But by a story we cannot believe
A comedian works over Jonah bit, laughs pivoting on the oddity of hearing a whale-swallows-man-who’s-running-from-God story in a contemporary world on a contemporary medium.
Which, as comedy is prone to do, gets to something missed in the regular turn of the miracles-are-a-joke critique: stories.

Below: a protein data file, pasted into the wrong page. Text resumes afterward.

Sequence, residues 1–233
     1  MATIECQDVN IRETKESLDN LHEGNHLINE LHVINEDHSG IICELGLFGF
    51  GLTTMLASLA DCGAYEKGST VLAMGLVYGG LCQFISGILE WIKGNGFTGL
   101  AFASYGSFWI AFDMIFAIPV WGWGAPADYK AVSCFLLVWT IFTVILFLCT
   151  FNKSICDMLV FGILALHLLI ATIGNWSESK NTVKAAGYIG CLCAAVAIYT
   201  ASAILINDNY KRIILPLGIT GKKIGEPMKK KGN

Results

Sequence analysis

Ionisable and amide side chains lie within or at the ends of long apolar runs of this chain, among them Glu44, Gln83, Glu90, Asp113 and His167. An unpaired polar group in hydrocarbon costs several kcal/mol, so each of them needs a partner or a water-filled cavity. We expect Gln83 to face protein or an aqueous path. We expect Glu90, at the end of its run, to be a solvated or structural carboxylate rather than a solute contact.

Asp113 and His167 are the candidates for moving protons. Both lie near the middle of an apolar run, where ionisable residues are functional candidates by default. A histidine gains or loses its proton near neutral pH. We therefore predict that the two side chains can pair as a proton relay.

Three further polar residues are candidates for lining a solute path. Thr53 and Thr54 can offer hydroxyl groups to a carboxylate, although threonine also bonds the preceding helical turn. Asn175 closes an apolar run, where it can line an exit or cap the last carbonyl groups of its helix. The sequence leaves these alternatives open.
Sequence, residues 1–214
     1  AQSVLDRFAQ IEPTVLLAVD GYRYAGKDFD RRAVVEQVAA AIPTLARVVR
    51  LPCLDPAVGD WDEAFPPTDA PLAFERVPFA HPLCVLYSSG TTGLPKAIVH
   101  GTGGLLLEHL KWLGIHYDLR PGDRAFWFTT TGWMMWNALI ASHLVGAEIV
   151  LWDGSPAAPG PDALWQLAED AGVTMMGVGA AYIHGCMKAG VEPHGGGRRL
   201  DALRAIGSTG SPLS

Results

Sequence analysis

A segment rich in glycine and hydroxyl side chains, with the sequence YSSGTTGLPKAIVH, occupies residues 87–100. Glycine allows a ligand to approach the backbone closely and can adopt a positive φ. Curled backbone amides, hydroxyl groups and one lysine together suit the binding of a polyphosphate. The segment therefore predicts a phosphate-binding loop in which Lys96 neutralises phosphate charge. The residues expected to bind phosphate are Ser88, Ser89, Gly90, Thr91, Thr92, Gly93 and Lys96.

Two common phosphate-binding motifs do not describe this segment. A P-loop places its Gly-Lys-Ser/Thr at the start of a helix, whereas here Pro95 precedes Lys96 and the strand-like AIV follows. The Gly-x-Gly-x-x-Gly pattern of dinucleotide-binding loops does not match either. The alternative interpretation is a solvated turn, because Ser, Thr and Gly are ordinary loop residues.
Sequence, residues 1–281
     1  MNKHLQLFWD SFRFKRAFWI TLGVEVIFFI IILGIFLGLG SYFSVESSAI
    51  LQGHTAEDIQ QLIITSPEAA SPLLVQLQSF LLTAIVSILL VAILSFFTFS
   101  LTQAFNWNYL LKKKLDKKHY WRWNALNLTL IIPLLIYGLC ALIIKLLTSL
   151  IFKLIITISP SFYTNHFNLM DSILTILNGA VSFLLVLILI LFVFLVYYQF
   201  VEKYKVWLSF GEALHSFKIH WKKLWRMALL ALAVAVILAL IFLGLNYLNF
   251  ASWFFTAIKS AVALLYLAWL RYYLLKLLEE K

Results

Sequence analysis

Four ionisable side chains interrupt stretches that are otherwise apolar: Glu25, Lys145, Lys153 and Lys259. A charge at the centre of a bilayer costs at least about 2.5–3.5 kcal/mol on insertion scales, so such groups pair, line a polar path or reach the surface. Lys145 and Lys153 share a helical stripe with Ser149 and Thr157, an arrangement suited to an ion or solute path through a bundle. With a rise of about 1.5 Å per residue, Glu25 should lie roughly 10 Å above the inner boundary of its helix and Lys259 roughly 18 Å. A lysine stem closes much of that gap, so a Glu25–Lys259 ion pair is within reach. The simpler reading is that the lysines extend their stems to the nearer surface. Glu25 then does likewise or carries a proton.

The difference between then and now isn’t that miracles happened then and don’t know. It isn’t that we believed in miracles happening then and don’t know.
The difference is a difference in stories.
We know what we know from the stories we tell and are told.
It’s a question of what stories we tell and what stories we have room to tell.
(I suspect this is becoming a major project and thesis, though it remains questioning and fragmentary in a way, I suspect, that comes from having drunk of Wittgensteinian waters.)